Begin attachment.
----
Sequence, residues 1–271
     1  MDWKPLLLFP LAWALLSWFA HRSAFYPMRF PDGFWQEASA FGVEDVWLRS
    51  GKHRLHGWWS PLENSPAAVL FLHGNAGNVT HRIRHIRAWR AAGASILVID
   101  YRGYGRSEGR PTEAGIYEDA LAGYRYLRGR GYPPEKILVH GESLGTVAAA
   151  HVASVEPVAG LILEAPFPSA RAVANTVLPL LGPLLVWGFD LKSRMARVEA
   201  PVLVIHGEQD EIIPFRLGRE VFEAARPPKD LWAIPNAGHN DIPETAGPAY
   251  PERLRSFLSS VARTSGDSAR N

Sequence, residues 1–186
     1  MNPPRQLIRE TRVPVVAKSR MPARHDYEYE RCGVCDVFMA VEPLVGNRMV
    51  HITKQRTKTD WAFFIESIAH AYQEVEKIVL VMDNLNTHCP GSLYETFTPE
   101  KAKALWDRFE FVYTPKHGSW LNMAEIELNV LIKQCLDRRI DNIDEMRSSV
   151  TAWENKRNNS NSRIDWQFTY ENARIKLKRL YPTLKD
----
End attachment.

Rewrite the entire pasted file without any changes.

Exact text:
Sequence, residues 1–271
     1  MDWKPLLLFP LAWALLSWFA HRSAFYPMRF PDGFWQEASA FGVEDVWLRS
    51  GKHRLHGWWS PLENSPAAVL FLHGNAGNVT HRIRHIRAWR AAGASILVID
   101  YRGYGRSEGR PTEAGIYEDA LAGYRYLRGR GYPPEKILVH GESLGTVAAA
   151  HVASVEPVAG LILEAPFPSA RAVANTVLPL LGPLLVWGFD LKSRMARVEA
   201  PVLVIHGEQD EIIPFRLGRE VFEAARPPKD LWAIPNAGHN DIPETAGPAY
   251  PERLRSFLSS VARTSGDSAR N

Sequence, residues 1–186
     1  MNPPRQLIRE TRVPVVAKSR MPARHDYEYE RCGVCDVFMA VEPLVGNRMV
    51  HITKQRTKTD WAFFIESIAH AYQEVEKIVL VMDNLNTHCP GSLYETFTPE
   101  KAKALWDRFE FVYTPKHGSW LNMAEIELNV LIKQCLDRRI DNIDEMRSSV
   151  TAWENKRNNS NSRIDWQFTY ENARIKLKRL YPTLKD